Christmas hayride

FTLComm - Tisdale - Sunday, December 8, 2002
Some of the greatest mysteries of life can only be understood with experience. There is no rational explanation for getting on a hay rack and riding around the streets of a town on a cold Sunday morning behind a team of horses. But there is a mystery, stories of times past when this was a standard mode of transportation, times when horses were the means of working a farm and were a part of every rural family's life.

This morning the Dagg horses were rounding town with a load of people, all smiles and waving, enjoying the moment and building their own traditions, their own stories that they will share as part of the lives they are building upon.

Though I can remember several United Church young people's group hay rides when I was a teenager, the one that stands out in my memory was a weird one. As a group we had gone out to the Cairns farm in a snowy December Friday or Saturday night. The hay rack was partly filled with lush green hay and we pulled away from the front of the farm house off of a small hill. There were a lot of us aboard and as part of the fun a long rope was attached to the back of the rack and a wood toboggan tied on and we would take turns jumping off the moving sleigh as it slid along the snow trail and run back and jump on the toboggan while those on the toboggan rolled off and dashed to catch up with the rack working its way along in the moonlit night.

There was laughter and the usual banter, we were having a fine time. As the trail turned back toward the farm yard the horses who were also in good spirits, picked up the pace a bit and as we neared the yard Jim Dean and I had made it to the trailing toboggan and were enjoying the thrill of the thing moving now at a good speed. I was in the front, Jim Dean behind me and perhaps one or more guys behind him. As we came through the outer gate disaster struck.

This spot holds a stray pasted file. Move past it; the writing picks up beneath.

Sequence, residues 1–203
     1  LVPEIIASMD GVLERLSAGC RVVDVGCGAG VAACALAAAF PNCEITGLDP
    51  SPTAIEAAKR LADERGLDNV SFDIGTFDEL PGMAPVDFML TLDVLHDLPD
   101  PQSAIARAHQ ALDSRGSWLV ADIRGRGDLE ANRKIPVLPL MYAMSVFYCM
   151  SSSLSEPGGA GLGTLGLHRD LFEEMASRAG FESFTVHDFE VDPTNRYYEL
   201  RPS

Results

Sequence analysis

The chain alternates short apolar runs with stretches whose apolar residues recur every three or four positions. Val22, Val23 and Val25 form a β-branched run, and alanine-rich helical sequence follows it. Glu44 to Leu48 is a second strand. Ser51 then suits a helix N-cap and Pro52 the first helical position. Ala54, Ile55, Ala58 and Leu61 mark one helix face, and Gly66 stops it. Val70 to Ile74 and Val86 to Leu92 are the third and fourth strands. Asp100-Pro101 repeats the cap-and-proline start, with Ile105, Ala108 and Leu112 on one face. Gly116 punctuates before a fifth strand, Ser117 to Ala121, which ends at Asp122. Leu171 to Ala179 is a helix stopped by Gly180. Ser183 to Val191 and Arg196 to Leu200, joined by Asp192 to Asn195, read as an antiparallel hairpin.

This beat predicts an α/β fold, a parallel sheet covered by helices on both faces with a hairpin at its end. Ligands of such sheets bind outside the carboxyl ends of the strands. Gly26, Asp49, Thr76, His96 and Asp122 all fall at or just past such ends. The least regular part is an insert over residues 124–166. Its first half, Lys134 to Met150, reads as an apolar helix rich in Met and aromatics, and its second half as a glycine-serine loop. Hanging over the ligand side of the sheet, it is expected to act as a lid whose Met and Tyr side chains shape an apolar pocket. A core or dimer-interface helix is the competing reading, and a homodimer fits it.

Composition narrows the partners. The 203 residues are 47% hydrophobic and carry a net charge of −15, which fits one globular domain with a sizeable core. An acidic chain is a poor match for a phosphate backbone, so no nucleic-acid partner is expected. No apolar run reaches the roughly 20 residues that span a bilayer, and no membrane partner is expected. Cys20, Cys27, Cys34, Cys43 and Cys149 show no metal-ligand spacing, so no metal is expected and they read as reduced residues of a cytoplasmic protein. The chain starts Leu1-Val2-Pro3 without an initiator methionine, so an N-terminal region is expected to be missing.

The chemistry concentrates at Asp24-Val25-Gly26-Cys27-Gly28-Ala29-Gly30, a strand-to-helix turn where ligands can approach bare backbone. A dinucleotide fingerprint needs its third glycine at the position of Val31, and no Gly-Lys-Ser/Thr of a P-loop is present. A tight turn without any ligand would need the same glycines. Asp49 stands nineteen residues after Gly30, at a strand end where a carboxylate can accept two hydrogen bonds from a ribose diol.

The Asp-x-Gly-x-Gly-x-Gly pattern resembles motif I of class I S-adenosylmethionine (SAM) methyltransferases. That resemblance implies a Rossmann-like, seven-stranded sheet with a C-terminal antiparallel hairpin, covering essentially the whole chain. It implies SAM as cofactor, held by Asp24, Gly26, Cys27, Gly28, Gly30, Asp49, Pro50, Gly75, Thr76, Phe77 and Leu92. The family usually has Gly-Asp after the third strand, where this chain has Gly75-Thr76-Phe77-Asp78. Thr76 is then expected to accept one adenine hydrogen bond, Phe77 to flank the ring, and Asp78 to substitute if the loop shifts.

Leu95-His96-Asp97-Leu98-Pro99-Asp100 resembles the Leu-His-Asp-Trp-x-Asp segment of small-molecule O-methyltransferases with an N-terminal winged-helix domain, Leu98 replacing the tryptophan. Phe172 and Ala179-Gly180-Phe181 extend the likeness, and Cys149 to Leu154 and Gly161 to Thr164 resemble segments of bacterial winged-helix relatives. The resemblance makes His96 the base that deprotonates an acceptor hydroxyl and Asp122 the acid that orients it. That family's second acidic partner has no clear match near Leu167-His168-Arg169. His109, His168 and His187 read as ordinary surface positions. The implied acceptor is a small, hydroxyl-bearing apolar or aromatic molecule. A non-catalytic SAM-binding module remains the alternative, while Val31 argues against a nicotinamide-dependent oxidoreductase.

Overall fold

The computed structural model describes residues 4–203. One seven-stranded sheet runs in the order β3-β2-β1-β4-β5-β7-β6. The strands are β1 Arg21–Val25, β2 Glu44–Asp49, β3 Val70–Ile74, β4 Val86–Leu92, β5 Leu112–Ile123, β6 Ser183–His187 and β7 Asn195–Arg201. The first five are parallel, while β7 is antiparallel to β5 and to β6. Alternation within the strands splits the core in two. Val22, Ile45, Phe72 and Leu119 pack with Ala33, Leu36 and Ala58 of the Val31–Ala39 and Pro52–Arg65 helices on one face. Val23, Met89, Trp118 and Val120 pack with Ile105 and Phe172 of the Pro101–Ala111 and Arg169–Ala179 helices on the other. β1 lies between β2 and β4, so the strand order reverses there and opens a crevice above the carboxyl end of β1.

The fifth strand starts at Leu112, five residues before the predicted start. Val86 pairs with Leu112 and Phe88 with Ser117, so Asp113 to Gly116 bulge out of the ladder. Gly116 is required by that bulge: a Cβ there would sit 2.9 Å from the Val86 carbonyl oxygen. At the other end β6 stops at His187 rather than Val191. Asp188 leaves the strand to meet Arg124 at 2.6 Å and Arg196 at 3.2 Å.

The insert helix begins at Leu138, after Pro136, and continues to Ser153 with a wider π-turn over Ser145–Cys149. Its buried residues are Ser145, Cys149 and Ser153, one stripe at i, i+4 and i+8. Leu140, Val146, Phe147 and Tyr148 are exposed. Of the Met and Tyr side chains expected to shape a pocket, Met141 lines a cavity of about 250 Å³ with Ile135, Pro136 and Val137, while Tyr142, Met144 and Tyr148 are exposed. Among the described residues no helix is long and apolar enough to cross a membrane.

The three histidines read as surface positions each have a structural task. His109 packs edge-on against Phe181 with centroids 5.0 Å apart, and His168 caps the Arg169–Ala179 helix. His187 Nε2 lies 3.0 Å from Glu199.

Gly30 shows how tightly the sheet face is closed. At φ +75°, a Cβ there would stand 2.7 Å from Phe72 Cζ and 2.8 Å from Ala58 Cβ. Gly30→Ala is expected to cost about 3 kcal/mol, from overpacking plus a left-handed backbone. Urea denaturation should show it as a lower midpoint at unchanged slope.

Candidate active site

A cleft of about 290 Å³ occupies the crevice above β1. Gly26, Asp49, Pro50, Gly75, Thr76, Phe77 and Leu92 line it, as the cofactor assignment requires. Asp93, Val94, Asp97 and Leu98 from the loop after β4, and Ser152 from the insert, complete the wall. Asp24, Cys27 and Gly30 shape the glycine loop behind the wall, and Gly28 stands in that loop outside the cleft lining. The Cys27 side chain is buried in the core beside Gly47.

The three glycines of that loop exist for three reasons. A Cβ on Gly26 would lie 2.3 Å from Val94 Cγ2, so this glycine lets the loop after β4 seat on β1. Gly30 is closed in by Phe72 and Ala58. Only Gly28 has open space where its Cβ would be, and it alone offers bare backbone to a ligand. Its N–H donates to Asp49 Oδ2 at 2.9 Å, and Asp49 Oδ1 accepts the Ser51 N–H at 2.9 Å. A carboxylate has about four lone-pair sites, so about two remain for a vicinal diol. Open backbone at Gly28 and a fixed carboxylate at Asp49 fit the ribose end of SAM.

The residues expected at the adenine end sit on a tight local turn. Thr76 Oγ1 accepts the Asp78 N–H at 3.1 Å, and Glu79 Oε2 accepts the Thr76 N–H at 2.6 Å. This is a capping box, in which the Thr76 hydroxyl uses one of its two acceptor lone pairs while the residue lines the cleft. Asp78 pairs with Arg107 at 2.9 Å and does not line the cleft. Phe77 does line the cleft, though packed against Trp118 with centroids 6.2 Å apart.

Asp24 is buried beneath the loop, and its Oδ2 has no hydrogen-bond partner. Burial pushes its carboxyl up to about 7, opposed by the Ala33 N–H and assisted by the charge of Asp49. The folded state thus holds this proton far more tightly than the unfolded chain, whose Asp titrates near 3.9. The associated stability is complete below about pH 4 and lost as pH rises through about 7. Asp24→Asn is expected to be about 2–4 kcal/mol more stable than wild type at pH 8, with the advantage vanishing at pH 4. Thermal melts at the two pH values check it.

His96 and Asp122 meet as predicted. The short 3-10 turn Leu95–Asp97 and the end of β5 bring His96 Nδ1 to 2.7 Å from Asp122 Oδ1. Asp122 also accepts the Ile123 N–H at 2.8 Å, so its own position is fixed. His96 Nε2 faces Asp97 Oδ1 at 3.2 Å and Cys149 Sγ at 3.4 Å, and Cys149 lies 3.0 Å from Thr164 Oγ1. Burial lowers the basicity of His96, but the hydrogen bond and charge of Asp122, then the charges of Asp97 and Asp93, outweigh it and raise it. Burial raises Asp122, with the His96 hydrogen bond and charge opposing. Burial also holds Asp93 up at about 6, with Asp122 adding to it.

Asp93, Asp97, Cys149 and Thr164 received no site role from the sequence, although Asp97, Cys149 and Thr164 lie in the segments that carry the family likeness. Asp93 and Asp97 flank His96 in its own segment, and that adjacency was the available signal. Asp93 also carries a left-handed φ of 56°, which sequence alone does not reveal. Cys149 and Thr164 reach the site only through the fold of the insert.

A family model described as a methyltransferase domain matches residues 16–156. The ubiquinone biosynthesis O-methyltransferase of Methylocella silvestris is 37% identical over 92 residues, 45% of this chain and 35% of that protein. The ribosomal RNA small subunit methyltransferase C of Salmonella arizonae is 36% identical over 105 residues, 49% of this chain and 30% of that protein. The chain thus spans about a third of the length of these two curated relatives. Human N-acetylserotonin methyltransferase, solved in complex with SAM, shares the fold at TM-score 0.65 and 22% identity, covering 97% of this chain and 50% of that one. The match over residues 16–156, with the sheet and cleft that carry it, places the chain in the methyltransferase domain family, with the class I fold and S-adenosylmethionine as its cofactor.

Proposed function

Cairns had a herd of cattle and cattle being cattle are not house or yard trained and make deposits just where ever the spirit moves them. In the summer these treasures dry up and work back into the soil, but in the dead of winter they melt through the snow then freeze like pointed toboggan smashers. The first few hit us with a solid jolt, but the speed of the team was now at a real clip and the smashing on the toboggan transmitted through to our bottoms with in recurring shockwaves.

The back two riders on the tobaggan were knocked off and were stunned as they rolled through the cow mountain minefield. Dean was holding on to me and I was determined to stay with the toboggan, or what was left of it, as it was smashing beneath us and soon we also were rolling and being bounced almost senselss. Fortunately, the braking boards of the toboggan did not stab us badly, but walking was definitely out of the question for some minutes.

No one on the hay rack, including Mr. Cairns who was driving, realised what the consequenses of going over those frozen cow pies would be. Had it not happened to me, I would not have this story to tell and that night in 1958 would have just been another blurred memory.

Timothy W. Shire



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Editor : Timothy W. Shire
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